NFL Completely Corrupt: Unable to Clean Itself Up Under Goodell

Steve DuranContributor ISeptember 18, 2009

Was August 7th 2006 the apex of the NFL's popularity and the last day of it's perceived honorable existence? 

You see Roger Goodell was named the new Commissioner of the NFL on August 8th and every imaginable form of shady dealing or game fixing has occurred since then, apparently with the blessing of an out of sync Commissioner.

OK so let's review:

1. Bill Belichick was caught fixing Super Bowls. 

1a. It doesn't matter, if you drugged the horse, your done racing.  Mr. Goodell doesn't see it that way.  Bilking the entire world out of a fair and competitive competition, changing the out come and effecting the flow of Trillions of dollars of advertising revenue worldwide and Billions of dollars directly lost or won by the public.  Mr. Goodell thinks a small fine should cover the tab.

2. Inability to fix punishment for specific violations: on again, off again suspension of Michael Vick.

2a. Not to put too fine a point on it, but doesn't consistently failing to make fair and competent evaluations of rule violations problematic?  Then adding to the chaos, failing to assess an equitable and timely penalty actually inflict more damage to the NFL than the original violation?

3. Holding the threat of a lockout over the American public by not honestly addressing the 2010 NFLPA contract.

3a. Honestly the Owners of NFL Teams better get a new Commissioner before Roger actually locks out the players and they lose both gate and television revenue.  Let's also consider Major League Baseball just hoping they have an opportunity to regain a competitive advantage again.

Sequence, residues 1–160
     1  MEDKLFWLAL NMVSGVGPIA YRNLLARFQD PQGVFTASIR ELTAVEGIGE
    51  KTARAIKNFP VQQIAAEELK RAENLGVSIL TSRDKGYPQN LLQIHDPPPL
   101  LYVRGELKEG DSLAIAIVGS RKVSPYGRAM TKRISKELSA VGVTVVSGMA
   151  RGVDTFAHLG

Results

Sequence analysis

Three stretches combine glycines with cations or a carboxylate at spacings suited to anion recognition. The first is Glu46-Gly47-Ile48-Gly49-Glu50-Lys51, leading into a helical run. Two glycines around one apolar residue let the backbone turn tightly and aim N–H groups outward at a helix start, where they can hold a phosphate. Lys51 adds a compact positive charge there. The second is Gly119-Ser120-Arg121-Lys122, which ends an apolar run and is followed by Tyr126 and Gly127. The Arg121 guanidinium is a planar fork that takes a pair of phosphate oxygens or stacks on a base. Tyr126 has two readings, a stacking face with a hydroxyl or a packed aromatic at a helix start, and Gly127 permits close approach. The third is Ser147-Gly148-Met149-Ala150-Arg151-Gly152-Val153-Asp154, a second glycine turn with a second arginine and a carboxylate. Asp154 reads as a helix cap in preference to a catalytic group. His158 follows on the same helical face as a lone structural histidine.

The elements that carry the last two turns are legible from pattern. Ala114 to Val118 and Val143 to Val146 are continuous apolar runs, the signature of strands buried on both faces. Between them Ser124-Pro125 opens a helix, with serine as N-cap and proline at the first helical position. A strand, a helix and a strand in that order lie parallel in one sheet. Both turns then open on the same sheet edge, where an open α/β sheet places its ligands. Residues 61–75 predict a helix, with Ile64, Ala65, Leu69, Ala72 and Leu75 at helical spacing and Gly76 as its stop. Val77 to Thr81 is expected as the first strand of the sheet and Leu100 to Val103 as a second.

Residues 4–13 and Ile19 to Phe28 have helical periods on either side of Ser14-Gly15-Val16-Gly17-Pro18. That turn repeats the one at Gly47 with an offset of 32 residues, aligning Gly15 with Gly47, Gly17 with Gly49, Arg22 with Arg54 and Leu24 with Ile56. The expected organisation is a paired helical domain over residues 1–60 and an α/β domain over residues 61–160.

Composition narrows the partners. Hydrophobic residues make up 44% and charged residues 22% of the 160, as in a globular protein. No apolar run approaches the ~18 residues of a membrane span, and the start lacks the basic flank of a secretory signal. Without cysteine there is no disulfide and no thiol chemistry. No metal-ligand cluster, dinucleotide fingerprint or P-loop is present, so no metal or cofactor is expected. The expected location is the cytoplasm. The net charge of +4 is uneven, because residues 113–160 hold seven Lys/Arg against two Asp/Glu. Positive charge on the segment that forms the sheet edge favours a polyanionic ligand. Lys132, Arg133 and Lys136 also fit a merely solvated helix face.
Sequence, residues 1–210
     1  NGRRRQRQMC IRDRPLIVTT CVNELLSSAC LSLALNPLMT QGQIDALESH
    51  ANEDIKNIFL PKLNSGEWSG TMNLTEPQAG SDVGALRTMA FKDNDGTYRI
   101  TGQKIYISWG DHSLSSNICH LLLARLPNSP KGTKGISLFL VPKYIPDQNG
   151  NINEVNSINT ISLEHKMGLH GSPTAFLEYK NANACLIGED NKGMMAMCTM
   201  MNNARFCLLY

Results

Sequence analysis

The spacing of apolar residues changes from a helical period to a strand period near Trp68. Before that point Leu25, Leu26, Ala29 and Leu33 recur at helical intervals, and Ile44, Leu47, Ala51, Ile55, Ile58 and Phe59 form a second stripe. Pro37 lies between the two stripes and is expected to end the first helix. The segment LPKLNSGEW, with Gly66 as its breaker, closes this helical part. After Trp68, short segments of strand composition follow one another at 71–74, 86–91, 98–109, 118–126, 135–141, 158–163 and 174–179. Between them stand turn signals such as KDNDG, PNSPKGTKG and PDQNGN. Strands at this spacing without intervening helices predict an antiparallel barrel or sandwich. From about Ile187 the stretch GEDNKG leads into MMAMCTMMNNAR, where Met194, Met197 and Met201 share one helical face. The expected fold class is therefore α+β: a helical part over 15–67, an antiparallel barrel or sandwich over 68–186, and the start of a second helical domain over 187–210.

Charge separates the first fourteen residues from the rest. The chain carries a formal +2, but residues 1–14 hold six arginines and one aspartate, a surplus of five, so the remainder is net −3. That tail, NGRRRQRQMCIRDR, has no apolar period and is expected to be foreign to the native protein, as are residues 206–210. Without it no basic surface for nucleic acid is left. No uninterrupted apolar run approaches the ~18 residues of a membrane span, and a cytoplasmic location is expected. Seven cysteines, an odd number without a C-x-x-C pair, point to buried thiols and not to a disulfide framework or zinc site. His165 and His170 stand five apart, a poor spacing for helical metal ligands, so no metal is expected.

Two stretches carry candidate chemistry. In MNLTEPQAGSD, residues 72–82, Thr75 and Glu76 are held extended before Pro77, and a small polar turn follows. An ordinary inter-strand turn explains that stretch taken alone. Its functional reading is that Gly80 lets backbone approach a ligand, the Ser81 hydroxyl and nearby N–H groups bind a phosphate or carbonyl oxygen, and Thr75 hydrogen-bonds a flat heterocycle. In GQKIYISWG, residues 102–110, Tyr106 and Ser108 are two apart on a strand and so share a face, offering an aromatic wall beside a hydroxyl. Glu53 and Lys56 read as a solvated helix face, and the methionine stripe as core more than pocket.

4. Tuck Rule, Un-Tuck Rule?

4a.  Seriously, for nearly 50 years the End-Zone has been Sacred.  If a player broke the front of the goal line it didn't matter if he fumbled the ball or if it went out of the back of the end zone or both, he scored.

    The rule clearly states the player must come down with the ball in control for it to be a complete pass.  Same rule applies in the center of the end zone or on the edge of the sideline.  When Louis Murphy's second foot touched the ground the play was over.  He came down in the end zone with the pass, touchdown.  Anything that happened after the play was over doesn't count.  If he had been bobbling the ball when his feet came down the play would have continued on until the ball touched, and then it would be determined if he was or wasn't in control.

    If the rule was enforced as they interpreted it on Monday night, any player leaving the end zone after a catch would not score. 

In conclusion, what needs to happen?   The owners need to accept the unexpected resignation of Roger Goodell because he wishes to pursue other options.

The players contract needs to be addressed before Baseball is America's Pastime.

Fines and suspensions of Referees for making gross misinterpretations need to be publicly announced to ensure professional integrity of them and the game itself.

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